Digital Device Ownership Jumps to 29 Percent

Both tablets and e-books got a sharp increase via holiday sales. The Pew Research Center’s Internet American Life Project has ongoing surveys studying how people use the internet and mobile devices and the effects on people’s use of libraries. Just a part of a large research project funded by the Bill and Melissa Gates Foundation.

The results showed tablet ownership jumped from 10 percent to 19 percent from mid-December to January. E-books experienced the same growth. At least 29 percent of Americans own one of the devices.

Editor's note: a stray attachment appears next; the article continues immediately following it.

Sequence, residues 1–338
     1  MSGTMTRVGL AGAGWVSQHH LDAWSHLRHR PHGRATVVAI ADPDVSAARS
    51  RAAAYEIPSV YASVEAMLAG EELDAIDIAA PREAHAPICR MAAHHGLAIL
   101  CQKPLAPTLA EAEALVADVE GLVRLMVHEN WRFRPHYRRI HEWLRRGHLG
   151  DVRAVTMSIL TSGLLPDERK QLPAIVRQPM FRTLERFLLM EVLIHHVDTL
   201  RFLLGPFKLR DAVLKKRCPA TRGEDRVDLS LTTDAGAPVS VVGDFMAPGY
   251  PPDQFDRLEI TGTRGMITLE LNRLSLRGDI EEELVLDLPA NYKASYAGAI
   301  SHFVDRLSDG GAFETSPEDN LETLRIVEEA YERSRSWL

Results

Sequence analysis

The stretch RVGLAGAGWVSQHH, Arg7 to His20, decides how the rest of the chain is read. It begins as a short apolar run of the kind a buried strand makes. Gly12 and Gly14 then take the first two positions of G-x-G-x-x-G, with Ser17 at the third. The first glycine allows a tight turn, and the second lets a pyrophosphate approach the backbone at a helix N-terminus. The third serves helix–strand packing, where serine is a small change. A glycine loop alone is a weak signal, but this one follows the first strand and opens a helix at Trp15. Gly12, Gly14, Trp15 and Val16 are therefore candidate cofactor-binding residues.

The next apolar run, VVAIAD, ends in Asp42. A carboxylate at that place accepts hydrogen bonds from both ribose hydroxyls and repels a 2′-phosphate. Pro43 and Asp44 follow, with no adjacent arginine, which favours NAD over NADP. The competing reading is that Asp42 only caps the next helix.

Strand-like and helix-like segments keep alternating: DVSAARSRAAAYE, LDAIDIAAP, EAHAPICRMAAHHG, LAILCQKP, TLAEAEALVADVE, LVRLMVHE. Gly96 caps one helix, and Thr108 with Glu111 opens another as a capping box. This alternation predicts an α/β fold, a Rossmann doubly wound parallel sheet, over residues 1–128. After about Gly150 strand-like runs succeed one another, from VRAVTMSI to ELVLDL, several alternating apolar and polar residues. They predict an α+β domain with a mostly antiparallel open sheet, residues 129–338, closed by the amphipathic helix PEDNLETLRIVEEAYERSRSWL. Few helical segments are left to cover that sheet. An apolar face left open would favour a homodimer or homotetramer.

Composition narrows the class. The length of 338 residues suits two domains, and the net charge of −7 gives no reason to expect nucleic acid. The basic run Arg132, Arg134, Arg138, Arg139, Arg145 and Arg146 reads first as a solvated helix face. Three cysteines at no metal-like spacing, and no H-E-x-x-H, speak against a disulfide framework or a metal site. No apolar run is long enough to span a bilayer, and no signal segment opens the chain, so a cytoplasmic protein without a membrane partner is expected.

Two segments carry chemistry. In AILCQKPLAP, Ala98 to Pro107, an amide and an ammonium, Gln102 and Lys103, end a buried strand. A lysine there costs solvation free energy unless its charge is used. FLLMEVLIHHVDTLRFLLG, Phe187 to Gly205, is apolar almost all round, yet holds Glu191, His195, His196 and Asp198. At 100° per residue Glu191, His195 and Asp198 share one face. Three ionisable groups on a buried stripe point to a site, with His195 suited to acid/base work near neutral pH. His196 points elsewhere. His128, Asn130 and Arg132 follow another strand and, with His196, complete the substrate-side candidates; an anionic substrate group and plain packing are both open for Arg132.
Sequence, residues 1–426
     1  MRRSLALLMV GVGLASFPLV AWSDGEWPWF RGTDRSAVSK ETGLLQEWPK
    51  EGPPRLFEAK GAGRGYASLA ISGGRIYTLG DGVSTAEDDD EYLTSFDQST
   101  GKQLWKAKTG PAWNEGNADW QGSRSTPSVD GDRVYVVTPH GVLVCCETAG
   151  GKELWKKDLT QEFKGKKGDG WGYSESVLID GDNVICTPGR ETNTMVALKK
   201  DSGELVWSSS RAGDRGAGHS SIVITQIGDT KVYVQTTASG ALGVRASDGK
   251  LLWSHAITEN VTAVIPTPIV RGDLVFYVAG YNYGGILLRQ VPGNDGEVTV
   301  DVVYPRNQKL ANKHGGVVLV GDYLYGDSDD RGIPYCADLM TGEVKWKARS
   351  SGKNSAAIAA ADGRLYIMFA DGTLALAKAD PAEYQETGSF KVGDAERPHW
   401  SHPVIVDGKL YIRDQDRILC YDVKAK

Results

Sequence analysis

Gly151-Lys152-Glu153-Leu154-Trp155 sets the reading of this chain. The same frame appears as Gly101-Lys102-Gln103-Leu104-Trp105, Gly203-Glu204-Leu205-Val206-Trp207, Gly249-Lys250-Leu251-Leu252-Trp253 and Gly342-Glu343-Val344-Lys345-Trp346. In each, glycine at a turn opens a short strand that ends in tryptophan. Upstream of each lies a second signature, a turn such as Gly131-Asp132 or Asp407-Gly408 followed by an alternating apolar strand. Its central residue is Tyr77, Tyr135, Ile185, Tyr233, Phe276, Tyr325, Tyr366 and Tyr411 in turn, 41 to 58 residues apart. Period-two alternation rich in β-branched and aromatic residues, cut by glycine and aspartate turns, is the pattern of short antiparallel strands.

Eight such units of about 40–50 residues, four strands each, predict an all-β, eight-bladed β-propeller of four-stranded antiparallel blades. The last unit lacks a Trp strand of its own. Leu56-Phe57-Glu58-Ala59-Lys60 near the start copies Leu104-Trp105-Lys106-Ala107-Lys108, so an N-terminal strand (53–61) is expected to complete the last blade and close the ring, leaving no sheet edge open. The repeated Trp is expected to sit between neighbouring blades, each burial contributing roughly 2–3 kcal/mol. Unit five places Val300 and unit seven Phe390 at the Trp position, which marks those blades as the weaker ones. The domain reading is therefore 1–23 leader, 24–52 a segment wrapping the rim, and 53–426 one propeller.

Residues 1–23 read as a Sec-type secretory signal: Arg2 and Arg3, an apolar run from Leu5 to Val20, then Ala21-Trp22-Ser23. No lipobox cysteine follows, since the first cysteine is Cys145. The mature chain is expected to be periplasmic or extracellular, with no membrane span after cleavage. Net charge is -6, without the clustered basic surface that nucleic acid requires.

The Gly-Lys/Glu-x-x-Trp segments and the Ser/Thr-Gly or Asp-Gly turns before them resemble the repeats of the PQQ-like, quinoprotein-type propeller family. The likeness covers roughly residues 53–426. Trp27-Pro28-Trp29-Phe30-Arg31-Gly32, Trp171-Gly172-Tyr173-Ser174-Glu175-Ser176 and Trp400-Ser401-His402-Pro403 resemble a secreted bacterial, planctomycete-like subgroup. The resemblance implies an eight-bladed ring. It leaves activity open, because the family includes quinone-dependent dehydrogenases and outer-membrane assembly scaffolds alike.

Prior to holiday sales, there was very little change in ownership of either devices. Lower costs for the Amazon (NASDAQ:AMZN) Kindle Fire and Barnes & Noble’s (NYSE:BKS) Nook may have been responsible for increased sales.

According to the Pew Research Center’s results, the increase was significant for people with higher levels of education and income of more than $75,000. Moving down to a $30,000 to $50,000 income range is 12 percent lower for e-book readers. Tablets were popular with those under 50, and e-book readers had more women buyers than men.

The Pew Research Center plans to release reading habits and library use related to digital devices and content. Libraries may or may not be eager to see those results.

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